Bryson (I'm a Stranger Here Myself, 1999, etc.), a man who knows how to track down an explanation and make it confess, asks the hard questions of science—e.g., how did things get to be the way they are?—and, when possible, provides answers.

As he once went about making English intelligible, Bryson now attempts the same with the great moments of science, both the ideas themselves and their genesis, to resounding success. Piqued by his own ignorance on these matters, he’s egged on even more so by the people who’ve figured out—or think they’ve figured out—such things as what is in the center of the Earth. So he goes exploring, in the library and in company with scientists at work today, to get a grip on a range of topics from subatomic particles to cosmology. The aim is to deliver reports on these subjects in terms anyone can understand, and for the most part, it works. The most difficult is the nonintuitive material—time as part of space, say, or proteins inventing themselves spontaneously, without direction—and the quantum leaps unusual minds have made: as J.B.S. Haldane once put it, “The universe is not only queerer than we suppose; it is queerer than we can suppose.” Mostly, though, Bryson renders clear the evolution of continental drift, atomic structure, singularity, the extinction of the dinosaur, and a mighty host of other subjects in self-contained chapters that can be taken at a bite, rather than read wholesale. He delivers the human-interest angle on the scientists, and he keeps the reader laughing and willing to forge ahead, even over their heads: the human body, for instance, harboring enough energy “to explode with the force of thirty very large hydrogen bombs, assuming you knew how to liberate it and really wished to make a point.”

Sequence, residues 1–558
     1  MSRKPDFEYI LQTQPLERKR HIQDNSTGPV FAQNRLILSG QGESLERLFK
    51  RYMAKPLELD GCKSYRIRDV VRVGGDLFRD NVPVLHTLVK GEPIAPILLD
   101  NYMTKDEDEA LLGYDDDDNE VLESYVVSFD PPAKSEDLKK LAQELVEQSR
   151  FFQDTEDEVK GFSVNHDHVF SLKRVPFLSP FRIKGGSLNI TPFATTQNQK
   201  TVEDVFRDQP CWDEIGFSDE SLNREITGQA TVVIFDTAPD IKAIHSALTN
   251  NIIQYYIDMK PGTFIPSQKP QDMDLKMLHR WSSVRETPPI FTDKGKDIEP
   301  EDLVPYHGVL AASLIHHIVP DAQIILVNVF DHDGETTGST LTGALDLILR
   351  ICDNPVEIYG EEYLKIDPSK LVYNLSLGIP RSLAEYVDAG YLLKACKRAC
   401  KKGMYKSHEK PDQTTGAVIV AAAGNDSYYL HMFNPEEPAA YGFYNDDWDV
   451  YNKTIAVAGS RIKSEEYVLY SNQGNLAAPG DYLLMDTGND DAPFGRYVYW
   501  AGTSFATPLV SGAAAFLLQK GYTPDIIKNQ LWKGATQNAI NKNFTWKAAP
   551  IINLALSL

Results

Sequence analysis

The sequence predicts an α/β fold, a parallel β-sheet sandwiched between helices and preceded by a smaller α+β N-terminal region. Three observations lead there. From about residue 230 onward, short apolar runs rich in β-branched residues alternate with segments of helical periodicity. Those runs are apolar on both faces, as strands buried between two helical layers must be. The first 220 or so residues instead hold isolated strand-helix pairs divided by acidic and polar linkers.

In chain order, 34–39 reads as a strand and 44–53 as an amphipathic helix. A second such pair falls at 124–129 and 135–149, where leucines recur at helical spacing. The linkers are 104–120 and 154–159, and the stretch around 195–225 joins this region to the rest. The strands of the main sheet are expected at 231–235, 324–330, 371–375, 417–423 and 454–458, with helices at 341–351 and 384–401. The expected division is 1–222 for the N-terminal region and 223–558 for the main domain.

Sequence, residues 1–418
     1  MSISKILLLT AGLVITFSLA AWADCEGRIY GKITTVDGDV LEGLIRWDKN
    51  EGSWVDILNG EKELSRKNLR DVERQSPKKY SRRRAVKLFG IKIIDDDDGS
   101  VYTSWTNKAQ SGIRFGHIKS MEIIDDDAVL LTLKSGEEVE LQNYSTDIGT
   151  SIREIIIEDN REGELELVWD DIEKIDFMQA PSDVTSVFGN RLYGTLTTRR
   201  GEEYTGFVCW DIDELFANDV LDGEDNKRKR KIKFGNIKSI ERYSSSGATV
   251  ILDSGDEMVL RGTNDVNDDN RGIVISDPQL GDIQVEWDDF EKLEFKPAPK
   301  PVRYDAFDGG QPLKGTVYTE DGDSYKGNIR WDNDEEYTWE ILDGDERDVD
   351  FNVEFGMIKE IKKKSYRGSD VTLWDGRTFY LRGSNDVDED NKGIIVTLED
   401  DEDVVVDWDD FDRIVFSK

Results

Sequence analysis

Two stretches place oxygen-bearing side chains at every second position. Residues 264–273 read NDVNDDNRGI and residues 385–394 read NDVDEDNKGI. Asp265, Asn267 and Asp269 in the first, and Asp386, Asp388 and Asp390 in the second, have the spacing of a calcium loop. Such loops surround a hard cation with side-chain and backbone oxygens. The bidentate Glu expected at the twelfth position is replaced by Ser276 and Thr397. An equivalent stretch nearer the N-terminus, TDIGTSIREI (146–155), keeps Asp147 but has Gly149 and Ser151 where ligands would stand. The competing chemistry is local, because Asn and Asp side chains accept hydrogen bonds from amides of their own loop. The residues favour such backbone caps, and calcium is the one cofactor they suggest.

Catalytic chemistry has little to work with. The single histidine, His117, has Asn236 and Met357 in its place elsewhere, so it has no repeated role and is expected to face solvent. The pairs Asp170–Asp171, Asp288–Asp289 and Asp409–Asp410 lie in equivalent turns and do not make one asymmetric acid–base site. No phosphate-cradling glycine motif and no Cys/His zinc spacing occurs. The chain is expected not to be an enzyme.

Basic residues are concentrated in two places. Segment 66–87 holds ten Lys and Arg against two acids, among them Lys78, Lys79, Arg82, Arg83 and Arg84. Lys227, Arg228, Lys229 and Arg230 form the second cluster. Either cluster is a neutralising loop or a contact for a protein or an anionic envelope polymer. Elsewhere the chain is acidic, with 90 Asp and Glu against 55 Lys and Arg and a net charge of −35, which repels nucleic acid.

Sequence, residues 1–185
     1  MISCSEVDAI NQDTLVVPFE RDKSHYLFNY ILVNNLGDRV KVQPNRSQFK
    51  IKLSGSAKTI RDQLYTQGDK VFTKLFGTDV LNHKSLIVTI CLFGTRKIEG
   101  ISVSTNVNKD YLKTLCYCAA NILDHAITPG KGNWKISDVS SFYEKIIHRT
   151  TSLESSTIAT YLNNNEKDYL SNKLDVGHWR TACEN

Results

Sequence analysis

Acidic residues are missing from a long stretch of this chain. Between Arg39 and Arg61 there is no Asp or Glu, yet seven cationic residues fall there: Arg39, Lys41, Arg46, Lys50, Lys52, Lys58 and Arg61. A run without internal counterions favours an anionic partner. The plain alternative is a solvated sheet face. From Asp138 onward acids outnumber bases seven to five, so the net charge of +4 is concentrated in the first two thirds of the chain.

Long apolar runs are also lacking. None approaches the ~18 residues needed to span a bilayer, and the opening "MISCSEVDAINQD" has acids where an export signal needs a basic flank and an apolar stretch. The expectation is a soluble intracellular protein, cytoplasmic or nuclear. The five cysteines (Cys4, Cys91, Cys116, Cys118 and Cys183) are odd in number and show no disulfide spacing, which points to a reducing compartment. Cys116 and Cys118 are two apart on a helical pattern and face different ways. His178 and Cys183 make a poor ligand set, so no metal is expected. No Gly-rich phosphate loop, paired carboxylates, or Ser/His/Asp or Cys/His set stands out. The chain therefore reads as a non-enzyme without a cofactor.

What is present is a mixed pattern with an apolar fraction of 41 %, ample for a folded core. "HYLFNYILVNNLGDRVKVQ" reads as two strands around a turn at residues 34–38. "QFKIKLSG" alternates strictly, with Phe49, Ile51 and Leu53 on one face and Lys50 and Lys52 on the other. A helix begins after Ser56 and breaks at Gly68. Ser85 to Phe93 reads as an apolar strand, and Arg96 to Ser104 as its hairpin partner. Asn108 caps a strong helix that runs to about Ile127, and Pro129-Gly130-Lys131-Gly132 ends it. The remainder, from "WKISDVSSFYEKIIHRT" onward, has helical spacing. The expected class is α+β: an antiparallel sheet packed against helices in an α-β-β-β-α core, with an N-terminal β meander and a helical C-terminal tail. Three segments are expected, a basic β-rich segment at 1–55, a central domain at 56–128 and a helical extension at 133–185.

Loads of good explaining, with reminders, time and again, of how much remains unknown, neatly putting the death of science into perspective.

Pub Date: May 6, 2003

ISBN: 0-7679-0817-1

Page Count: 304

Publisher: Broadway

Review Posted Online: May 20, 2010

Kirkus Reviews Issue: April 1, 2003

Did you like this book?

No Comments Yet

Jahren transcends both memoir and science writing in this literary fusion of both genres.

Our Verdict